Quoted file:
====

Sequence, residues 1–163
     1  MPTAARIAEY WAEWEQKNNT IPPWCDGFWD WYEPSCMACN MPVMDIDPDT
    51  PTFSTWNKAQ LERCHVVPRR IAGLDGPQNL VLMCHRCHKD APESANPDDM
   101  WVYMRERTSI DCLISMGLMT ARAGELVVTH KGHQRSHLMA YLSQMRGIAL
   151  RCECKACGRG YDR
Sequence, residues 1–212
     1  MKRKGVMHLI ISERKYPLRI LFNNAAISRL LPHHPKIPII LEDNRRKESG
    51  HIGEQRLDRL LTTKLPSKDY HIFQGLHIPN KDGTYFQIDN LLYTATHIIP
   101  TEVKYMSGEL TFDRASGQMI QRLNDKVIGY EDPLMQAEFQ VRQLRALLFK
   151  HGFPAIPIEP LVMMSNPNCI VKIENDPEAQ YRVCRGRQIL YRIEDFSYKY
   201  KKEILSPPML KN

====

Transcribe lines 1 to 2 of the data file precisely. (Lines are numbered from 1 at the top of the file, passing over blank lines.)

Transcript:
Sequence, residues 1–163
     1  MPTAARIAEY WAEWEQKNNT IPPWCDGFWD WYEPSCMACN MPVMDIDPDT